That he is forgiven anyway.

Always.

Although a little pang of sadness hit me when I realized I missed his first partaking in communion, what a memory he will have.

He called again last night and sounded tired. He laid down on his bed to talk to us and I told him we were snuggling him in our mind. He still loves that we tuck him in and he snuggles us by wrapping his arms around our necks and pretends to go to sleep.

I hope he never stops, and I am here for years and years to keep getting those precious hugs.

We sent him a picture of us and of the dog to make him feel our love. Even the dog laid by our feet when she heard his voice on speaker.

Today is party prep day for me.

I’ll drop off Morgan at bible camp, stop by my classroom to drop off some things I ordered so they are out of my living room, run to Costco to get some things for tomorrow, then clean the house. Today is also my last day of cycle three of chemo, and it has really built up this time. But I’m blessed that I’m able to do all I need and crash at around 5:00, right when I get a meal from Sarah. The meal train has been a godsend, and although so hard to accept, it is so appreciated. I don’t know who gave to the fund, but it in a way that’s ok, because it’s embarrassing for me to accept help but also nice to look at everyone and think they helped. So thank you to everyone. It’s been an easier summer for us all.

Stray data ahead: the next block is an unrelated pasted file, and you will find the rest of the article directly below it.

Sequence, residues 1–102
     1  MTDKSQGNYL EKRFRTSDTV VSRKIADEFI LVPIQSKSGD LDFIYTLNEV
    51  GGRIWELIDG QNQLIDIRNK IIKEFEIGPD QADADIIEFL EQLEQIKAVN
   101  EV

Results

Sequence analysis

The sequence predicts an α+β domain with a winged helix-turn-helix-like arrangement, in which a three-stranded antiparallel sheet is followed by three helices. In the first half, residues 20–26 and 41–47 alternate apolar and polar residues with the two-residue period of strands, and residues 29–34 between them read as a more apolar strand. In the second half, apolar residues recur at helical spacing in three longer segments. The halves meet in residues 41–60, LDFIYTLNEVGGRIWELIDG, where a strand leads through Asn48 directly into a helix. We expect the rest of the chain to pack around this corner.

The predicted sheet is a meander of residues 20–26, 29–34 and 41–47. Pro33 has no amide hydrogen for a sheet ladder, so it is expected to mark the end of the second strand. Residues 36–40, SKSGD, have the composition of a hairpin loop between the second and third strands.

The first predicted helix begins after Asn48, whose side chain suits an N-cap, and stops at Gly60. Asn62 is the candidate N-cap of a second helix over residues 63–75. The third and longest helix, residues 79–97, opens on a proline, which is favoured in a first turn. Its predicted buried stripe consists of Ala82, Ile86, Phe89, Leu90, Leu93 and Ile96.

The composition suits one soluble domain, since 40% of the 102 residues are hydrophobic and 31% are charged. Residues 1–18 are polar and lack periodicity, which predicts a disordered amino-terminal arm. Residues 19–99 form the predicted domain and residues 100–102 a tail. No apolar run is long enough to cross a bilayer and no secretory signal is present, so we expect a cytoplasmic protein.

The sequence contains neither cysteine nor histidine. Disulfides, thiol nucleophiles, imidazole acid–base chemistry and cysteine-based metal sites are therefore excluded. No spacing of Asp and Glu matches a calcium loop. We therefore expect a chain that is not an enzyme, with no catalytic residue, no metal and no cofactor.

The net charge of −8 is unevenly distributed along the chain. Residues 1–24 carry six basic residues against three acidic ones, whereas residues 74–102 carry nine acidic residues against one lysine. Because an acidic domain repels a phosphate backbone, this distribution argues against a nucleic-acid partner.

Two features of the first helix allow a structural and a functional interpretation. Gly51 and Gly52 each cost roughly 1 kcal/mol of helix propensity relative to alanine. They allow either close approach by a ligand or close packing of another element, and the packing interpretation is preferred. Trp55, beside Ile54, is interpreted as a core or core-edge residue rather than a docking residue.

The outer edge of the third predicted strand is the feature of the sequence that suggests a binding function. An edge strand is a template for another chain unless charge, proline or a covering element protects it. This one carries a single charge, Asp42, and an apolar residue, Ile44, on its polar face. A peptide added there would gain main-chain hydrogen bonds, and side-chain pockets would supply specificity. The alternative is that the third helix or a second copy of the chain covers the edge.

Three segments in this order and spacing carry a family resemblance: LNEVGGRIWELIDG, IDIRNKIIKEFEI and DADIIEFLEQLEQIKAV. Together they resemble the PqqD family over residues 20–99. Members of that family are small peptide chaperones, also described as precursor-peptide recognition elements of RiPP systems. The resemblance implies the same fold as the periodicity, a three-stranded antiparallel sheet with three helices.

I haven’t been able to go walking this week at all and miss it. But I’m giving my body the rest it needs, and the work in the classroom has been enough exercise. The film crew asked if my oncologist would be interested in being in the movie. She replied she doesnt do movies but can suggest some actresses to play her.

I love my doctor.

Today I am holding Quinn close to my heart as he hits the midway point of the week. I’m praying for peace for my friend and her mom,

and healing for every cell in my body.

May it be so.

In Jesus’s name, amen.

Buttons and Patches

Yesterday was a good/hard day. First the hard….

Side effects suck.

Yes, I am lucky that I am still alive.

Yes, I am lucky that I am still able to function.

But side effects still suck, especially when there is no end in sight.

Now my fingertips are acting up. I believe it’s neuropathy in its beginning stages. I drank a ton of water yesterday and took a two hour detox bath last night. Rob came to check on me and I said how hard it is because I’m praying for this drug to work, and to work for a long time, while knowing that the longer I’m on it, the worse the side effects may become.

And if it doesn’t work, then it’s on to IV chemo and there isn’t much left for me after that.

But if you look at me, I look fine.

Like your average middle aged mom carrying an extra forty pounds or so with a short haircut. The medicine has put me into menopause and the weight is an added bonus. But thank you, body. You may be bigger than I like or feel comfortable in, but I’m still here for hugs and snuggles, so I’ll take it. The hair is growing and is coming back more full. What a difference a year makes. I’m hopeful that by next summer it will touch my shoulders and I’ll still be here and still have hair. I’m still working, able to get around. No one would know.